There's an AP for that

At summer seminar, teachers learn advanced courses aren’t just for some

Three AP environmental science teachers work together on a lab assignment their students could do during the school year. At the AP for All Summer Institute, about 500 teachers showed up to the Metropolitan State University of Denver to learn about new teaching techniques to entice more kids to take AP courses.

When Miranda Schaelling started an Advanced Placement environmental science course three years ago at Harrison High School in Colorado Springs only 16 students enrolled. But next fall, her class roster will boast 126 students.

Her key to increasing enrollment? Encourage everyone to join, regardless of science proficiency, and to not worry about the end-of-year test many students take for college credit.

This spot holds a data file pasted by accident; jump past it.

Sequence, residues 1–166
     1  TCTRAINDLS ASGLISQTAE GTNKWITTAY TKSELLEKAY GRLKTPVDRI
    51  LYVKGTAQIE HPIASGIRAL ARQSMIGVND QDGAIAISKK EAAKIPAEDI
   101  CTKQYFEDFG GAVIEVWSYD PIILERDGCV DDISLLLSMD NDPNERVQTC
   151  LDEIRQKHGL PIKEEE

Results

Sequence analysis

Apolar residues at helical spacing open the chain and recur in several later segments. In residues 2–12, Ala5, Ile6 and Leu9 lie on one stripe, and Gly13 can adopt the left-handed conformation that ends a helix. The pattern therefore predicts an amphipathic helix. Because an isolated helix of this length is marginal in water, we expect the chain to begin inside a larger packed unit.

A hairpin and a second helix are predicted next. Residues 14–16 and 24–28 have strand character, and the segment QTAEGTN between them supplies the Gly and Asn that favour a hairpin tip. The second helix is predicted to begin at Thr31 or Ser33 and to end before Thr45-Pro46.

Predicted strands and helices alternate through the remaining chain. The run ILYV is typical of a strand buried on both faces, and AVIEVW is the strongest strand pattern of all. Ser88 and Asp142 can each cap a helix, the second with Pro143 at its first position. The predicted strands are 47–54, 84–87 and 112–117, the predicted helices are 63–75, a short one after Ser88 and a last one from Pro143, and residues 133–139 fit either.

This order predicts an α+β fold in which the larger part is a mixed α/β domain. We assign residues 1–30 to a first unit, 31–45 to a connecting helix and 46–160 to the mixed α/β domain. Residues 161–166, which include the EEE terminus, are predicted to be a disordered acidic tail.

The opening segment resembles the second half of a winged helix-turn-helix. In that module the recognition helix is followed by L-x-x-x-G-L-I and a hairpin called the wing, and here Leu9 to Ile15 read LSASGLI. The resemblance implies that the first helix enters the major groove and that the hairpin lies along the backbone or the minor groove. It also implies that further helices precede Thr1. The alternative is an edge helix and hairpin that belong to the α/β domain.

“I tell them all the time, especially after the first exam…it’s not about passing the test, it’s not about making a qualifying score, it’s about learning how to handle the workload,” she said. “Especially because a majority of my students are sophomores, it’s about learning study skills, learning accountability, learning what college is actually like.”

More than 60,000 Colorado high school students were in enrolled in at least one AP course during the 2012-2013 school year. That’s 7,000 more than just five years before, according to data from the Colorado Department of Education.

But according to data from College Board, only half of the students who could potentially succeed in an AP course took one. Even a smaller percentage of students of color, who could be successful in an advanced course, enrolled in those classes.

“So for every five black adolescents who has a very high potential to pass an AP exam, only one will ever take the course,” said Greg Hessee, the director of Colorado Legacy Schools for the Colorado Education Initiative, which provides grants to schools to pay for AP tests for students who can’t afford the fee.

In the past, schools haven’t pushed AP courses on all students.